Our laboratory is currently pursuing two paths of scientific inquiry that are of interest to developmental biology. One goal is to clarify the mechanism of left-right (L-R) determination. The other is to develop imaging technologies for biological analyses.
In mammalian development, the initial left-right asymmetry first appears as cilia-driven leftward fluid flow on the ventral surface of the node, and this flow provides the initial cue for asymmetric gene expressions that actually determine asymmetric morphogenesis. The mechanisms that convert the flow to asymmetric gene expression, i.e. the flow sensing mechanism, remain controversial, with several models being proposed, and the involvement of Ca2+ being suggested.
We pursued this question by measuring Ca2+ dynamics in the node and found that the node cells apparently cause stochastic elevation of Ca2+. The spatiotemporal distribution is equal on the left and right sides but becomes more prevalent on the left after the late headfold stage, when flow-induced commitment occurs. This asymmetry was disrupted in dynein mutant iv/iv and pkd2-/- mutants, in accordance to their left-right phenotypes.
Figure 1. Left: Distribution of Ca2+ elevation in a 2-somite wild-type node. Right: Time course of Ca2+ elevation frequency at the left and the right sides.
Based on these findings, we are now examining the validity of the two major proposed models of flow sensing, mechanosensing and chemosensing, as well as a third novel mechanism.
Light-sheet microscopy has become popular during this decade for benefits such as low photodamage and fast image acquisition. We are now running two light-sheet microscopes, one commercial and the other self-made, and are maintaining them for collaborations and our own research interest (this being left-right asymmetry).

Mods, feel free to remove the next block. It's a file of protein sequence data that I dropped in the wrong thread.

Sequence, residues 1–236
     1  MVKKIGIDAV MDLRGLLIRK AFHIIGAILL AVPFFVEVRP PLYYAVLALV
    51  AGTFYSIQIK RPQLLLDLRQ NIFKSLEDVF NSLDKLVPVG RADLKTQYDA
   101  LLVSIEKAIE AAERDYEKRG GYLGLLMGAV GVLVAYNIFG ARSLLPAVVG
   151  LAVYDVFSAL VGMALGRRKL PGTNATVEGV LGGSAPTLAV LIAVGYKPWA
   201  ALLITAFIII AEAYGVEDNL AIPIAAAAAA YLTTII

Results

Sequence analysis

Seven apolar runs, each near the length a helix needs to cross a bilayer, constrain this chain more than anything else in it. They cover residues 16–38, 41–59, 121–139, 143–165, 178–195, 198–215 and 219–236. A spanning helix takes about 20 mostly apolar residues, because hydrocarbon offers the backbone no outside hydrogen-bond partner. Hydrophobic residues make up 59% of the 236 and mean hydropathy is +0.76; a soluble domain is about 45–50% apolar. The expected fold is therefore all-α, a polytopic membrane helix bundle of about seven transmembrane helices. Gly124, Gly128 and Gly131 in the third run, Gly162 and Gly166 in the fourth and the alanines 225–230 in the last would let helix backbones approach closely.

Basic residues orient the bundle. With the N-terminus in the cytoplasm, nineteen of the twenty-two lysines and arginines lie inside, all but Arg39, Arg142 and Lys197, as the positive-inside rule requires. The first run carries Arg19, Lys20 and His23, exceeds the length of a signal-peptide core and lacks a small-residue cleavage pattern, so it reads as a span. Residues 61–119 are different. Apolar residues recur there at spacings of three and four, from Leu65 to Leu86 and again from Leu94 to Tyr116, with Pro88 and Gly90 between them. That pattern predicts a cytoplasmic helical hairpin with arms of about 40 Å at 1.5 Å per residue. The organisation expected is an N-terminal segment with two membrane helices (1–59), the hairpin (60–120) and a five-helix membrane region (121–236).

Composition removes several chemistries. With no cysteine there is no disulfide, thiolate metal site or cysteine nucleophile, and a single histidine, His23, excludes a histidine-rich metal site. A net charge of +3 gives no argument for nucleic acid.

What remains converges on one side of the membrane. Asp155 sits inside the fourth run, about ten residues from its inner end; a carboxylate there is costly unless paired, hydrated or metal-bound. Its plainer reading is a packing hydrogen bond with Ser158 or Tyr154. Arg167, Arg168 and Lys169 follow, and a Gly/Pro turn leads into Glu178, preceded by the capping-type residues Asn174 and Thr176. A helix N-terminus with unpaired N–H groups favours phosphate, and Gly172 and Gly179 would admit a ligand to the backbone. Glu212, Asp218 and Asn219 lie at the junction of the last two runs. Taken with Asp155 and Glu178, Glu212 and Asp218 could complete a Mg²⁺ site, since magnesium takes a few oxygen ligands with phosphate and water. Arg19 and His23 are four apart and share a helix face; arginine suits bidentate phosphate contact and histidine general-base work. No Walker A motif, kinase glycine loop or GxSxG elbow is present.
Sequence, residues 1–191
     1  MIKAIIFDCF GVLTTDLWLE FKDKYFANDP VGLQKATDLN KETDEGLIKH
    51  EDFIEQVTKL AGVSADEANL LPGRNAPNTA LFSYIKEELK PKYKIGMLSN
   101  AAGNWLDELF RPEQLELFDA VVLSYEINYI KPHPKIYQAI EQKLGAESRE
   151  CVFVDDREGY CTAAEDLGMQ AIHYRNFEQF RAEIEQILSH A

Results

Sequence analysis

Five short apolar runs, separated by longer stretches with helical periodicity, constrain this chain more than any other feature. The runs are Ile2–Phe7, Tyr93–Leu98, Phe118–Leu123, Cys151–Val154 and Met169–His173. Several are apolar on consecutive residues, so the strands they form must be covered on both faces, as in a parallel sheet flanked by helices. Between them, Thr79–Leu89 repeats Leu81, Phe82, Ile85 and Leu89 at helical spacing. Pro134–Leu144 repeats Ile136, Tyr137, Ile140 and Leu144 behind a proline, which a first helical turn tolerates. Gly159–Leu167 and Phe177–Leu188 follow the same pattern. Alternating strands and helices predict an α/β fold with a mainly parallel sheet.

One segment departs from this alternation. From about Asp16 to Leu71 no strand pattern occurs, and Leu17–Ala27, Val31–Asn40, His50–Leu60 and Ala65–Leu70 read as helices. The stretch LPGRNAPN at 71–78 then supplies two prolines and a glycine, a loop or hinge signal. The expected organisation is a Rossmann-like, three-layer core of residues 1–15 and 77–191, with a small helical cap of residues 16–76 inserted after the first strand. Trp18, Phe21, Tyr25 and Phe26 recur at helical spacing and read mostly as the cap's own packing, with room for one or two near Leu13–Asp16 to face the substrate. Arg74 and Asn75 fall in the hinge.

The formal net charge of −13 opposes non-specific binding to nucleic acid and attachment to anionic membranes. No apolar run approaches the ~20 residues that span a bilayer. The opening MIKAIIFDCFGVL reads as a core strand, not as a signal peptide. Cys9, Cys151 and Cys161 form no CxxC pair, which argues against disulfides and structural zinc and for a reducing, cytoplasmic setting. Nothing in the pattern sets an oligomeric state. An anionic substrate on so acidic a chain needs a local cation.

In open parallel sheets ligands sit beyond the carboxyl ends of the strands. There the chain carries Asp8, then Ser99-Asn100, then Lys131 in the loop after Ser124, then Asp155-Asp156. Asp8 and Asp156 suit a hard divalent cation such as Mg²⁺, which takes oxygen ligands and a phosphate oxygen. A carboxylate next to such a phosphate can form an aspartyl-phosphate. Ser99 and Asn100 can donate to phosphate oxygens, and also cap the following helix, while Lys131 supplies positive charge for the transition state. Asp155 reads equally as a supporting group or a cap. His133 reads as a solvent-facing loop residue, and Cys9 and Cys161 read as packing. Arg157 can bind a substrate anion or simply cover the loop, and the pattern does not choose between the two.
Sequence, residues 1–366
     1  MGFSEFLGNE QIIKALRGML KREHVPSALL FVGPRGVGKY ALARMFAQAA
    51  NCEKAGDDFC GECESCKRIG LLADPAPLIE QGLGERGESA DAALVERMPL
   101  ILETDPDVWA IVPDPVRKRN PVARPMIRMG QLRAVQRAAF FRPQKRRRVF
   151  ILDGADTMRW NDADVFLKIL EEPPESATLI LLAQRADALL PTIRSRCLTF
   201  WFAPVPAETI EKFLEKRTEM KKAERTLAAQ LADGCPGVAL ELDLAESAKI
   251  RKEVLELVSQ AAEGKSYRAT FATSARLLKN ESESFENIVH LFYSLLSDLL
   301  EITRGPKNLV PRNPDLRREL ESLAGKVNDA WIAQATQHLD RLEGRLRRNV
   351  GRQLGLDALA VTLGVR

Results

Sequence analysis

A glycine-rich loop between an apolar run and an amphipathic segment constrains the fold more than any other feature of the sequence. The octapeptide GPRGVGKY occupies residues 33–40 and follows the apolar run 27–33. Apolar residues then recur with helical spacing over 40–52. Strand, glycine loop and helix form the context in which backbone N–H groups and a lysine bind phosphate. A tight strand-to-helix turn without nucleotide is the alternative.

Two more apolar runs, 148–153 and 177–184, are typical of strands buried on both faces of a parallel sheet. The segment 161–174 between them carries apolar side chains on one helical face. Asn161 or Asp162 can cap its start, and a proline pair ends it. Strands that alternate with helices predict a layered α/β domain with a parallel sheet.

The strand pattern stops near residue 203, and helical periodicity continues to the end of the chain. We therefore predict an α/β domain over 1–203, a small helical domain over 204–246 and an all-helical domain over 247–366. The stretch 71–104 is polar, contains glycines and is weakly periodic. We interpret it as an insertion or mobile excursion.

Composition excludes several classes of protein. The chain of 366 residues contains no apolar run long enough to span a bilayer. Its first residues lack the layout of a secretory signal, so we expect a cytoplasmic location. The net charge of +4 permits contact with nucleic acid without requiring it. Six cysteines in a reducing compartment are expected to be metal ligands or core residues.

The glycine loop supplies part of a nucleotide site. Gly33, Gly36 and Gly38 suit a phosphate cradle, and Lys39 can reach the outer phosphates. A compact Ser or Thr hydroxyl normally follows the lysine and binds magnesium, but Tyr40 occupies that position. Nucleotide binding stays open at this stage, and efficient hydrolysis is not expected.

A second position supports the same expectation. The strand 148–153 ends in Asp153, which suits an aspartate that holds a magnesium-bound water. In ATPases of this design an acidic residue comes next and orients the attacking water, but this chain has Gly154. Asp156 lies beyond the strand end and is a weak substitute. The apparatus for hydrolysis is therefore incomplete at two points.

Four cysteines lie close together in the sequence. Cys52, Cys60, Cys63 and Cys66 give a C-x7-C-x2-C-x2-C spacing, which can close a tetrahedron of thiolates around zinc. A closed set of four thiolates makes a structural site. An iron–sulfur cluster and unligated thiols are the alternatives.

Over several years, we have developed a fast light-sheet microscope named ezDSLM, in which the excitation light sheet and detection objective move instead of the specimen for z-scanning. We installed an electrically tunable lens (ETL) to achieve greater speed and the exclusion of mechanical vibrations that disturb continuous 4D imaging of floating or loosely held specimens.
Our light-sheet microscopes are available to other researchers via NIBB’s Collaborative Research and MEXT’s Advanced Bioimaging Support (ABiS) programs. Numerous collaborations are in progress including observation of moving Amoeba proteus, neuronal activity in Drosophila larvae, cell migration in zebrafish embryos, cleared mouse brains, and marine crustaceans, etc.
Figure 2. Images of floating volvox taken by ezDSLM with ETL. Left: Single optical section. Right: Maximum intensity projection.
This laboratory is currently recruiting graduate students.
Maruyama, A., Oshima, Y., Kajiura-Kobayashi, H., Nonaka, S., Imamura, T., and Naruse, K. (2014). Wide field intravital imaging by two-photon-excitation digital-scanned light-sheet microscopy (2p-DSLM) with a high-pulse energy laser. Biomed Opt Express 5, 3311-3325.
Ichikawa, T., Nakazato, K., Keller, P. J., Kajiura-Kobayashi, H., Stelzer, E. H., Mochizuki, A., and Nonaka, S. (2013). Live imagingof whole mouse embryos during gastrulation: migration analysesof epiblast and mesodermal cells. PLoS One. 8, e64506.
Takao, D., Nemoto, T., Abe, T., Kiyonari, H., Kajiura-Kobayashi,H., Shiratori, H., and Nonaka, S. (2013). Asymmetric distribution ofdynamic calcium signals in the node of mouse embryo during leftrightaxis formation. Dev. Biol. 376, 23-30.
Nonaka, S., Shiratori, H., Saijoh, Y., and Hamada, H. (2002). Determination of left-right patterning of the mouse embryo by artificial nodal flow. Nature 418, 96-99.
Associate Professor NONAKA, Shigenori TEL: +81 564 55 7590 E-mail: email@example.com